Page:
‘The Stratford Upon Avon & Midland Junction Railway’ (or S.M.J.) was a small independent railway company which ran a line across the empty, untouched centre of England. It visited the counties of Northamptonshire, Warwickshire, Oxfordshire and a little of Buckinghamshire, only existing as the SMJ from 1909 to 1923. In 1923 the S.M.J.became a minor arm of the London Midland and Scottish (L.M.S.), then in 1948 'British Railways' 

Gone but not forgotten: "the damsel is not dead, but sleepeth"


SMJ Forum

SMJR Logo 4 Replies

Hi ThereI’m planning to print some water slide decals of the EWJR and the SMJR in 4 mm scale.Can anybody help me sort out the size and color scheme?For the size; following photos, this would be between 3 and 4 mm in 1/76For the EWJR Garter I…Continue

Started by Jack Freuville. Last reply by Jim Goodman Aug 4.

Footage of the SMJR 1 Reply

Hello, I found your forum searching for the SMJR. I've just uploaded a digitised version of old cine film footage of the line to my Youtube channel. I will be selling the original Hillside cine film soon along with a few others I've collected…Continue

Started by G Essex Random Railways. Last reply by Jim Goodman Jul 3.

Binton station plans 2 Replies

Hi!I recently discovered this article on Binton station building in the now long defunct magazine ‘Model Railways’ from 1976. It includes a full plan which might encourage someone to model this simple station.Does anyone have access to, or know of a…Continue

Started by Martin Bromage. Last reply by Martin Bromage May 8.

Black & White photos of the SMJ 1 Reply

HelloMy name is Mick Baker and i have recently joined your society.A friend of mine Nigel Hadlow, has taken several thousand black & white photosof railways around the country.With a little help from me with my limited computer skills, i have…Continue

Started by Mick Baker. Last reply by Peter S Lewis Mar 29.

SMJ photos

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Comment by Dick Bodily on June 19, 2011 at 13:35

Hello Barry again

Have spoken to Rex who tells me he saw the down working passing through Byfield station on its way with empties to the ironstone exchange sidings, whereas my picture is of the return laded train en route for Blisworth. This would seem to suggest that it was most likely a round trip from the Blisworth end for the Super D. Rex remembers the Nuneaton working you mentioned through Banbury and adds that its ultimate destination was Oxford with coal for the town's gasworks.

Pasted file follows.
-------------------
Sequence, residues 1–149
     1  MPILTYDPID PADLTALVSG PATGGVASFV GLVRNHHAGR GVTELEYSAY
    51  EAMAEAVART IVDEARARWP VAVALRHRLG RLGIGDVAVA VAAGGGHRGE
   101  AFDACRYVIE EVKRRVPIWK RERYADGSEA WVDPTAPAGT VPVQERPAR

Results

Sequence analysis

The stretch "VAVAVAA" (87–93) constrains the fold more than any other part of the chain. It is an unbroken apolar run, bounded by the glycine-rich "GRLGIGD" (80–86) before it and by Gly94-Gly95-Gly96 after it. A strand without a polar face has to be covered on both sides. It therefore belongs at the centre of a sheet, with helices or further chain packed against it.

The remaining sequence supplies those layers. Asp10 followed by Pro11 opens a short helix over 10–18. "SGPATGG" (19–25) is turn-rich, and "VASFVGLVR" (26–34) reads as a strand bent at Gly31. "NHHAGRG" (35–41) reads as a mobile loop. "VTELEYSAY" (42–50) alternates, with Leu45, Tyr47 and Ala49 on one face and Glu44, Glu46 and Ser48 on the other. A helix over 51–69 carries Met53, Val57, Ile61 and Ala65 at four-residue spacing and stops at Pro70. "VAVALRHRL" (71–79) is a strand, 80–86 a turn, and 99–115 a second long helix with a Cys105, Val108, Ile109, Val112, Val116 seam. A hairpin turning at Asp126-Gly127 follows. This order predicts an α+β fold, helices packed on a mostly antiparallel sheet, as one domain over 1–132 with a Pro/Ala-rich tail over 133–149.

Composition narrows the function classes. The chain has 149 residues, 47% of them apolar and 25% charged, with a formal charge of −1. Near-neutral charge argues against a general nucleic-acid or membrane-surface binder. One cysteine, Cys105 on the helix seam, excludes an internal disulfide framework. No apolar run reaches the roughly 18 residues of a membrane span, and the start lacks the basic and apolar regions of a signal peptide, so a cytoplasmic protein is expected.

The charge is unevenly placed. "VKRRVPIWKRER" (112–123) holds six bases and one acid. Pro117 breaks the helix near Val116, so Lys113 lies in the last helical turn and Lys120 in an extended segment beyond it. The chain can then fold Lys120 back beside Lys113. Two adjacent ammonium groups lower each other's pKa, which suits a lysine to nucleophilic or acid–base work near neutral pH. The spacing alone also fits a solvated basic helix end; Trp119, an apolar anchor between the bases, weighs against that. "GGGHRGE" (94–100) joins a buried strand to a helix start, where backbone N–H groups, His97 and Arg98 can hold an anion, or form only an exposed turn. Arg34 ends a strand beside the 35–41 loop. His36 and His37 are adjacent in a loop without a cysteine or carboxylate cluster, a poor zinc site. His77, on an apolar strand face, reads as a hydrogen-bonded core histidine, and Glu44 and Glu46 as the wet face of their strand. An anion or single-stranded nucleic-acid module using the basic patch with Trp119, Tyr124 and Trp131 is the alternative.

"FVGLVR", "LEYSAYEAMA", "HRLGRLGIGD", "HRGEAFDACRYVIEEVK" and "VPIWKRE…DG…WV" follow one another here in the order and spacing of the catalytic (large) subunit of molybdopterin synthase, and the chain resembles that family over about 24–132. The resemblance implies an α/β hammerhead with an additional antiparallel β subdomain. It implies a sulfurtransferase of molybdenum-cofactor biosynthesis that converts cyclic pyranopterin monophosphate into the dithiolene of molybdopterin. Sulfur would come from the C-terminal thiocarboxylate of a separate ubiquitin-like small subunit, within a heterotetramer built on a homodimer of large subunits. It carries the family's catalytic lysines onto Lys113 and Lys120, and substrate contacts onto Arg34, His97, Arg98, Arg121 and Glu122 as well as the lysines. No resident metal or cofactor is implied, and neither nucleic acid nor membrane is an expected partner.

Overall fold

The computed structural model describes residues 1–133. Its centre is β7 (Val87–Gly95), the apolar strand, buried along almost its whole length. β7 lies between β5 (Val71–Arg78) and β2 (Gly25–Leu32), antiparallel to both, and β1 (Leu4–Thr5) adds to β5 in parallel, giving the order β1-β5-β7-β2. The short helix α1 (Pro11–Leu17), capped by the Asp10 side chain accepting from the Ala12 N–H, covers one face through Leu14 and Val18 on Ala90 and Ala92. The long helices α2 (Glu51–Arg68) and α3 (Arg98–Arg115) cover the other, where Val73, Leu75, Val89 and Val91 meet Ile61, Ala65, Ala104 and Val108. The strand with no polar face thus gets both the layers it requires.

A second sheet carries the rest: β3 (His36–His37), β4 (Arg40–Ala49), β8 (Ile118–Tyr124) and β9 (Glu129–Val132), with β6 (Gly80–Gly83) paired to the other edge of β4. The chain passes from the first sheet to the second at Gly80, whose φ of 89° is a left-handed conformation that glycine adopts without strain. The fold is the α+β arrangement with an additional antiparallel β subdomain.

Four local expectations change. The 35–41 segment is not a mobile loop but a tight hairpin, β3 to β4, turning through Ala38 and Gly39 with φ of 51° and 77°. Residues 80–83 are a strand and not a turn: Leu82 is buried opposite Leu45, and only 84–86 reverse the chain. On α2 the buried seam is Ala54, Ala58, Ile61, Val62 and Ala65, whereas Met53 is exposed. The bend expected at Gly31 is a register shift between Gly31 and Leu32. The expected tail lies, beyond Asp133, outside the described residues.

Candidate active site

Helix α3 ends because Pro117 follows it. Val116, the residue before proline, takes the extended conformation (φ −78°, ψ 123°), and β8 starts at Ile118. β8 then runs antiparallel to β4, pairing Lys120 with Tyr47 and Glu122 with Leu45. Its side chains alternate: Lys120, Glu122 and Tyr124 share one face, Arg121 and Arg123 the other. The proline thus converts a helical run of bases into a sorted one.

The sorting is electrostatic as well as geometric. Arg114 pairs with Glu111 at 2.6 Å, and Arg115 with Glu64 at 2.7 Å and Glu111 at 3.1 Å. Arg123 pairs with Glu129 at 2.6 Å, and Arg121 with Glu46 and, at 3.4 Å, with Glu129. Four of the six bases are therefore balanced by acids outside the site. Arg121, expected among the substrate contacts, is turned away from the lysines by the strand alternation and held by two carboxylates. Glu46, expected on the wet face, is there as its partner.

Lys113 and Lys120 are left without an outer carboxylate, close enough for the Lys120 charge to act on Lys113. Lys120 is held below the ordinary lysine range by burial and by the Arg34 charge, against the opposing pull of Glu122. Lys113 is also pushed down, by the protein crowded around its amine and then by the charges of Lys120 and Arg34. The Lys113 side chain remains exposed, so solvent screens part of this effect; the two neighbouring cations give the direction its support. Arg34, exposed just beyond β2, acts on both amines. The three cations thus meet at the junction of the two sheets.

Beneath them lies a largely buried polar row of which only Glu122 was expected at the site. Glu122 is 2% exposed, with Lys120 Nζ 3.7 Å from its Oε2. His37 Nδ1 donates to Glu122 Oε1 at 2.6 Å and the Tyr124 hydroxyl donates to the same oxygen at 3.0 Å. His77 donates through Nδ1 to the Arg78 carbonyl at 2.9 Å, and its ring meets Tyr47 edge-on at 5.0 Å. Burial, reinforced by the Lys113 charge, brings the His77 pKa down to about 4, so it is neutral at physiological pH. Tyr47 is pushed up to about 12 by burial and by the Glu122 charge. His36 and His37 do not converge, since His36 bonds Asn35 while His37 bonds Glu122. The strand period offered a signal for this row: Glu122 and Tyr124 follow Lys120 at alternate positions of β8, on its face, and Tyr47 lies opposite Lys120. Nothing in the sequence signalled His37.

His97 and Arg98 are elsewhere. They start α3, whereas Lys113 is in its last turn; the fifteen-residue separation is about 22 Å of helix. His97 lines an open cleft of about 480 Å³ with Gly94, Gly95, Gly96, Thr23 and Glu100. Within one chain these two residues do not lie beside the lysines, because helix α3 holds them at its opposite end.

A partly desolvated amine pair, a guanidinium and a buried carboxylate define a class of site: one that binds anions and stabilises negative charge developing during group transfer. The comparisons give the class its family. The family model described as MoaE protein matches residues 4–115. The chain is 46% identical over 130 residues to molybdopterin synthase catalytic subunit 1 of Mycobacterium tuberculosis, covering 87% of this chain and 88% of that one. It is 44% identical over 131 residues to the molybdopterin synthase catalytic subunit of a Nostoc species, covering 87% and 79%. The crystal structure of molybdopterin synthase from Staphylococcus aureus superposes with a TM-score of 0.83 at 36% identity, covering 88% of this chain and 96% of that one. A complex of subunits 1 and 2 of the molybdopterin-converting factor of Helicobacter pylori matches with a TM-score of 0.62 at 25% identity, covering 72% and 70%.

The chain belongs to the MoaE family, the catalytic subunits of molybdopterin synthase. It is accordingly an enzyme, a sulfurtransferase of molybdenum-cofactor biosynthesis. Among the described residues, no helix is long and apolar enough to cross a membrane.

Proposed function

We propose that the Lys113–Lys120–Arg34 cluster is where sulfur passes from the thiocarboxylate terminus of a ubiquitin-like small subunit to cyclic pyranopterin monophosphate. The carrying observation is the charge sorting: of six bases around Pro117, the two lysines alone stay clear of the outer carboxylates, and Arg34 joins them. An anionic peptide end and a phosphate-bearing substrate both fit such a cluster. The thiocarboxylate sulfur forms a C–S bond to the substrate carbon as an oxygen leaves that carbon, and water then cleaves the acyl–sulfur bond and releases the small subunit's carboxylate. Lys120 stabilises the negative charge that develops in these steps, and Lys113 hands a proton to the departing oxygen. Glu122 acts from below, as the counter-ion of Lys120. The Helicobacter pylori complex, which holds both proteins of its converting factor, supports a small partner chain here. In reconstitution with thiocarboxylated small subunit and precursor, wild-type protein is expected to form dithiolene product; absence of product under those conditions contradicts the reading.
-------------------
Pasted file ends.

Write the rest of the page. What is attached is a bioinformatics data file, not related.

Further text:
Best wishes


Comment by Dick Bodily on June 9, 2011 at 16:17

Hello Barry,

Good to hear from you,

That's quite possible as I only saw it travelling towards Blisworth (as illustrated) on the daily Byfield ironstone.  If this was a substitution at Byfield for a failed loco it might also explain the unconfirmed report of a Stanier Mogul on the SMJR as Nuneaton had several of these. Mind you it would have made more sense to substitute a  loco off Woodford shed rather than Banbury. Stanier Moguls regularly came through Northampton on freights as well, so its equally likely that it was on a round trip to Byfield. I know Rex Partridge saw it at Byfield on the same day, but I don't know if he saw it come in from the Blisworth directiion, so next time I speak to him I shall ask.


Comment by Barry Dunwoody on June 8, 2011 at 23:23
These locos were always known as "Duck-8's" in Banbury. In the late 1950's Nuneaton locos - these, Black-5's and Crabs - all worked freights into Banbury. Could it have got to Byfield via Woodford on the GC link?
Comment by Dick Bodily on June 6, 2011 at 9:59
I had always assumed that the engine seen on a Byfield to Blisworth iron ore working on 29th Dec 1960 was a Bletchley engine commandered at Blisworth for a return trip, possibly having arrived on a chalk tipper train from Totternhoe Quarry on the Leighton - Dunstable line. The plot thickens as I've recently discovered that the engine 49415 was allocated to Nuneaton 2B at the time.

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